Mounting Your Needlework the Easy Way

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NOTE: I have edited this post after considering the viewpoint of several readers. The method I describe here is not museum quality or conservation quality work.

Fortunately, the easy way is also the way many professional framers mount needlework.

The first step is to prepare your stitched project for framing. Stitch basting lines at each corner to make it easy to get your work evenly spaced. I know. NO ONE likes to baste. I promise you that it will save time in the end. Before I start, I have a good idea of how much space I’ll need to allow on each side. I stitch that length plus a little more. This example is on linen but I do it on Aida, too. Leave a tail so you can pull it out when you’re all done. In this photo, the tails are way-y-y-y too short. Don’t do what I did.

Stitch a pair of basting lines in all four corners.

Stitch a pair of basting lines in all four corners.

Next, you’ll want to wash and iron your project. Unless you have a good reason not to or just don’t want to. I always do but I’m not in charge of you nor I am the stitching police.

For many people the next step is blocking the needlework. Canvas work requires blocking. Needlework on linen, aida, and other evenweave fabrics does not require blocking. There are many needlepoint blogs for you folks who work on canvas. I am not an expert in this area. Actually, I’m not the expert in anything. I’m just opinionated.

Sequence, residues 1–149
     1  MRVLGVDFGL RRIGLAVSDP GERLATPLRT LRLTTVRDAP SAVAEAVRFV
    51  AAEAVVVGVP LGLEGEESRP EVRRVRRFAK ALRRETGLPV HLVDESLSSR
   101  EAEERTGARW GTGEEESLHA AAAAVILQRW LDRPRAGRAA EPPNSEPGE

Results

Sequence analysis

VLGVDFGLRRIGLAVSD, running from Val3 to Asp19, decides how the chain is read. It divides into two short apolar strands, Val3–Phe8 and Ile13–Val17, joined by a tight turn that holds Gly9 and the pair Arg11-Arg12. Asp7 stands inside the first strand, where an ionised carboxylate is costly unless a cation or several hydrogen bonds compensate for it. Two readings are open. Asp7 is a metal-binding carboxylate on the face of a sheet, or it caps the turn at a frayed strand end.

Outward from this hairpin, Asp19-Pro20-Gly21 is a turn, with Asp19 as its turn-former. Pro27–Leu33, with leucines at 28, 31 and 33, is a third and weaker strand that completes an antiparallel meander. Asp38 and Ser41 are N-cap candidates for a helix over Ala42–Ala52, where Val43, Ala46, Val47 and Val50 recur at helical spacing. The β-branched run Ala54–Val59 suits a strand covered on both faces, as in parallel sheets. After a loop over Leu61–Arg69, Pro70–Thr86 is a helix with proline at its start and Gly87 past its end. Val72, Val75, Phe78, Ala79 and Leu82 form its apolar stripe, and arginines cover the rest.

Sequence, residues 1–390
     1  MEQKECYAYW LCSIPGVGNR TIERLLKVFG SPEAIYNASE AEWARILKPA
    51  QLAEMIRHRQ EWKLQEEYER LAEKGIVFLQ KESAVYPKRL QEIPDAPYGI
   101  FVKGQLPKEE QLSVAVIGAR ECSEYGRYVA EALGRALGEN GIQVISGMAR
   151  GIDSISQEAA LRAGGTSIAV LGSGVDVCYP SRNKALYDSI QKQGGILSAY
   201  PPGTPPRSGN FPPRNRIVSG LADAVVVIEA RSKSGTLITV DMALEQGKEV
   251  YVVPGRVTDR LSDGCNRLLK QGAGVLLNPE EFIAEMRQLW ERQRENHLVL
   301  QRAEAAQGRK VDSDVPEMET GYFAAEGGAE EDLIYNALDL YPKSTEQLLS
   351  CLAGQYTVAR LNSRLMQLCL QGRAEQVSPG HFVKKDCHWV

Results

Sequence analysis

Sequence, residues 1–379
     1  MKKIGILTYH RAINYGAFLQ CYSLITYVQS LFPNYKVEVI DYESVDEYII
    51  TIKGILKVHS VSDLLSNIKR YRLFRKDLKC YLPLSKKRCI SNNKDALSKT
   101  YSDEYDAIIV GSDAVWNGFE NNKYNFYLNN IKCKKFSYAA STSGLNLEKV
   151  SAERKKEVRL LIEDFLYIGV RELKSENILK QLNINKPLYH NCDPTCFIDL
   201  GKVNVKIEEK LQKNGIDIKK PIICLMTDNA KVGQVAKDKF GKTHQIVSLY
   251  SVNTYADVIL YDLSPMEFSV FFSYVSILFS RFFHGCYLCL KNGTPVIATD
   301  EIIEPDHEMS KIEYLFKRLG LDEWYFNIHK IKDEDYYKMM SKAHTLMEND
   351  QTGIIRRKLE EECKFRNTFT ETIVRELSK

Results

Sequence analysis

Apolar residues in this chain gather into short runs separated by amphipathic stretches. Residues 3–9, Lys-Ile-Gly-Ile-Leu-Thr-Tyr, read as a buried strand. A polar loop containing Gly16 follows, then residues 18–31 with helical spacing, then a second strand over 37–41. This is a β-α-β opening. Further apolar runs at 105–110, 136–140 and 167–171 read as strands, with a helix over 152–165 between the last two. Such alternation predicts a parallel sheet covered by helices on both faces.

I need only three things to mount needlework ready for framing. The finished stitchery, a piece of ⅜” thick white acid free foam core cut to size, and stainless steel straight pins.

Three-eighths inch thick white acid free foam core, aka foam board.

Three-eighths inch thick white acid free foam core, aka foam board.

As crafty and cheap as I am, I do not cut my own acid free foam core. I prefer not to have to store big sheets of it and for the life of me I cannot cut it square and true. I go to a frame shop and get them to do it. I went to Hobby Lobby to get a piece cut for this project for just a couple of bucks. Not counting what I spent in other departments.

You can get stainless steel pins at most fabric, hobby, and craft store. Make sure they are stainless steel so they will not rust. This is critically important. I love the little itty bitty half-inch ones but if you can’t find them, the regular one inch ones will do. They’re just a little more work.

I put the stainless steel pins in a small bowl to make it easier to grab them as I go!

I put the stainless steel pins in a small bowl to make it easier to grab them as I go. These are the regular size. I found my little ones after I took this picture.

Center the fabric over the board and use those basting lines it to get it right. Start at any corner and pin the fabric into the thickness of the foam core … not the front or the back. Pin about every inch to start with. We’ll go back and fill in once we know it’ centered. Do not push the pins in all the way in case you need to make an adjustment. I’ll be referring to this as the first corner.

Getting started with just a few pins. I used the long ones so you could see them.

Getting started with just a few pins. I used the long ones so you could see them.

I put a couple of more pins in the corner before I set off along the side.